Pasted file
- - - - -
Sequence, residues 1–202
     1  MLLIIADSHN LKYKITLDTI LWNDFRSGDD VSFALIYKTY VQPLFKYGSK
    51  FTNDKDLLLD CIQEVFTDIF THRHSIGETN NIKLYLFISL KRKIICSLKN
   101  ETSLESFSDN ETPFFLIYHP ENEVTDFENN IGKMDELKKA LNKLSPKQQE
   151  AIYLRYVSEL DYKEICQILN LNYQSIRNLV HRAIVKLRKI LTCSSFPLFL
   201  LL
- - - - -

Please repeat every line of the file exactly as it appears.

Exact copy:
Sequence, residues 1–202
     1  MLLIIADSHN LKYKITLDTI LWNDFRSGDD VSFALIYKTY VQPLFKYGSK
    51  FTNDKDLLLD CIQEVFTDIF THRHSIGETN NIKLYLFISL KRKIICSLKN
   101  ETSLESFSDN ETPFFLIYHP ENEVTDFENN IGKMDELKKA LNKLSPKQQE
   151  AIYLRYVSEL DYKEICQILN LNYQSIRNLV HRAIVKLRKI LTCSSFPLFL
   201  LL